On Point (2/25/19)
With Meghna Chakrabarti
Are we all in a paranoid and polarized world of Vladimir Putin’s making? A longtime Russia analyst chronicles how Moscow has become the world’s most disruptive superpower.
- Angela Stent, director of the Center for Eurasian, Russian and East European Studies and professor of government and foreign service and at Georgetown University. Author of “Putin’s World: Russia Against the West and with the Rest.” (@AngelaStent) She served as national intelligence officer for Russia and Eurasia at the National Intelligence Council from 2004 to 2006.
- Josh Gerstein, senior legal affairs correspondent for Politico. (@joshgerstein)
Excerpt From “Putin’s World:Russia Against The West And With The Rest” by Angela Stent
In July 2018, Russia showed its best face to the world as it hosted the World Cup. The spirited opening ceremony featured bears, dragons, and picturesque onion domes. The Russian team—ranked at the bottom of all those competing—defeated Saudi Arabia in the first game and went on all the way to the quarterfinals, when Croatia defeated it. But even that loss did not diminish the pervasive—and unexpected—atmosphere of good feeling. For a month, Russia welcomed fans from around the world with enthusiasm and camaraderie. Russians and foreign fans partied all night in cities from Kaliningrad in the west to Ekaterinburg, 1,500 miles away in Siberia. Even the normally dour Russian policemen had only smiles for those celebrating. As Russian president Vladimir Putin put it, “People have seen that Russia is a hospitable country, a friendly one for those who come here.” He added, “I’m sure that an overwhelming majority of people who came will leave with the best feelings and memories of our country and will come again many times.”
It is customary to describe Russians as talented chess players with a grand strategy, but Putin’s sport is judo—and that has given him a unique perspective on dealing with competitors and adversaries.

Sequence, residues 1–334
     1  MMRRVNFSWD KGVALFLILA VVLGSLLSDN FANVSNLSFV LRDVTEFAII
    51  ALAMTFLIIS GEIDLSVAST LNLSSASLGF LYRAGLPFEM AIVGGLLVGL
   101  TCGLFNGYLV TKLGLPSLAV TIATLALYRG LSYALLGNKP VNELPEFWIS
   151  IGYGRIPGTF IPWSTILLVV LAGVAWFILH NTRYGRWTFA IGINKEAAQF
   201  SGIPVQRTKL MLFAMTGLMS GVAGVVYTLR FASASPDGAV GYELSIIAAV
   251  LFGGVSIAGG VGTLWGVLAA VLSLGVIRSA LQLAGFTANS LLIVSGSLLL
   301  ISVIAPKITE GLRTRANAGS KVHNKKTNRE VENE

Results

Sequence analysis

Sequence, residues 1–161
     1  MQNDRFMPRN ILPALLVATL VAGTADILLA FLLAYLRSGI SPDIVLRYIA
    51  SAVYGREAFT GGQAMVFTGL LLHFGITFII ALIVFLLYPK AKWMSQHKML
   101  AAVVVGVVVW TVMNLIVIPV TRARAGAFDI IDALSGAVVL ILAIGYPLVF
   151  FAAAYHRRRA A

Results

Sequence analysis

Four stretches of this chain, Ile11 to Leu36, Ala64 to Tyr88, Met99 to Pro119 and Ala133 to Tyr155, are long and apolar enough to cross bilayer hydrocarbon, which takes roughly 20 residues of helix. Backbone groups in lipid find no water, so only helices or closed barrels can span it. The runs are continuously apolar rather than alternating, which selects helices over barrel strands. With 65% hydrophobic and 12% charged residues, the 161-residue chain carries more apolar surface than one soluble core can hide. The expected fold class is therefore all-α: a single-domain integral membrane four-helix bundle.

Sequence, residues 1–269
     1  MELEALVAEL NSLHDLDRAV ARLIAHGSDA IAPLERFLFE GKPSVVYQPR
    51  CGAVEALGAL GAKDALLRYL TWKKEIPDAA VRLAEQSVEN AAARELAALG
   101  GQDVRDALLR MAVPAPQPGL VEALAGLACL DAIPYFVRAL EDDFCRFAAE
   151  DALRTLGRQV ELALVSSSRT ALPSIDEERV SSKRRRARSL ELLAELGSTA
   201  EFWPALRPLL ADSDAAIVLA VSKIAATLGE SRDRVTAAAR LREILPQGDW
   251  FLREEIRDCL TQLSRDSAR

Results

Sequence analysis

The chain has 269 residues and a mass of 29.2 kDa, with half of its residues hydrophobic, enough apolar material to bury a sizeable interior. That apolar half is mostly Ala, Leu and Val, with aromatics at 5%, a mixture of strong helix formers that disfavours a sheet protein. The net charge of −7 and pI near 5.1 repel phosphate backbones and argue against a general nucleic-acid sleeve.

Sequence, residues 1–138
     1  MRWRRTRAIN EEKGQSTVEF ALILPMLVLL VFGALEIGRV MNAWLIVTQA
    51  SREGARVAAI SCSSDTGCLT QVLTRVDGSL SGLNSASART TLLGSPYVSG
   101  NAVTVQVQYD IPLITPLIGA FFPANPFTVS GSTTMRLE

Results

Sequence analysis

The World Cup represented a major success for President Putin. Before the games opened, there were questions about whether Russia would be able to build the facilities in time for the games, about corruption involved in the bidding for the construction, and about how international visitors would be received. Moreover, the games were held in a politically charged atmosphere, when Russia’s relations with the West were the worst they had been since p ost-communist Russia emerged in 1992. Russia’s annexation of Crimea and launch of a war in Southeastern Ukraine, its cyber interference in the US and European elections, its support for Bashar al-Assad in the brutal Syrian Civil War, and its domestic crackdowns on opponents of the regime—and the US and EU responses—all this had intensified the already adversarial relationship between Putin’s Russia and the West.
The World Cup left foreign fans with positive views of their hosts. Many had arrived in Russia with stereotypes about unfriendly Russians living in a backward country. But they reported being surprised by how “normal” Russia and its people seemed. The US sent the largest number of spectators, even though the American team did not qualify to compete. Western journalists emphasized that it was important to differentiate between the Russian government, which they criticized, and its people, who were hospitable. For their part, the Russians seemed surprised by how approachable the foreign fans were. Russians were used to seeing westerners constantly vilified in their state-run media, but a poll conducted after the games ended showed that Russians’ view of Americans and Europeans had significantly improved. The games left an afterglow of positive feelings, even though the Russians realized that, once the foreigners departed, they would no longer be able to celebrate all night in the streets. The Russia team may have lost, but the World Cup was clearly a victory for Vladimir Putin.
The World Cup represented a culmination of Putin’s project …